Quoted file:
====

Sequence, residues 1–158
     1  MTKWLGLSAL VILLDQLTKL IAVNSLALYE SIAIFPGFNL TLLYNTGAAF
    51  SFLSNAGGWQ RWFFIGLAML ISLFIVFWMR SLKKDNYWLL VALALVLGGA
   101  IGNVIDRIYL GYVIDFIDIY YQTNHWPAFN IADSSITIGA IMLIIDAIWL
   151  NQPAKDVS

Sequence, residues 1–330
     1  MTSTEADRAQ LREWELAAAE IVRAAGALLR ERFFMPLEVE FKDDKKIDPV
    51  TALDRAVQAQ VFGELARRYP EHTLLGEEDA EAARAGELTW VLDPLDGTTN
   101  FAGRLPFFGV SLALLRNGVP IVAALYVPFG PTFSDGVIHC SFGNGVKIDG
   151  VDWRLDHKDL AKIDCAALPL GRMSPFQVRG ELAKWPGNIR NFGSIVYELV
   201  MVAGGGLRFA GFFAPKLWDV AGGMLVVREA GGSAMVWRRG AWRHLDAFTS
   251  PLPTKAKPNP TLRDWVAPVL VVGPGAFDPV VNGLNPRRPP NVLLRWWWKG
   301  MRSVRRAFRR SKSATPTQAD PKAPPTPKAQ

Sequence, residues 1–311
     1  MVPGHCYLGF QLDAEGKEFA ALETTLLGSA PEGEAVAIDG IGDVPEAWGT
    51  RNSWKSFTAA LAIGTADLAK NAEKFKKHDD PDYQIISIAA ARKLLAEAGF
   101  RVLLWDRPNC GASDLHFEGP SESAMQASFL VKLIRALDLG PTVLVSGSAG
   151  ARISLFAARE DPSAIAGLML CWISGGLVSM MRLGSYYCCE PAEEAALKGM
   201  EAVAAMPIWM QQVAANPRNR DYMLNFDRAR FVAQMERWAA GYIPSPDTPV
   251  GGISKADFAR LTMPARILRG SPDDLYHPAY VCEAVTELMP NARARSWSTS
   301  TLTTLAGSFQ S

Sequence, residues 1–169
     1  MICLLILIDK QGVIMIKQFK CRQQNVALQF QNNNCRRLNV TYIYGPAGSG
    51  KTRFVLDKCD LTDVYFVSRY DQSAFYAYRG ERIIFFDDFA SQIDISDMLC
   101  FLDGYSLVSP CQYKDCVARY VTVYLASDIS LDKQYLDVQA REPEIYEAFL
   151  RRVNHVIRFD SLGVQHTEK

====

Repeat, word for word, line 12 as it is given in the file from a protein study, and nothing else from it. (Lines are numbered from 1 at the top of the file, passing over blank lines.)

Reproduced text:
   251  PLPTKAKPNP TLRDWVAPVL VVGPGAFDPV VNGLNPRRPP NVLLRWWWKG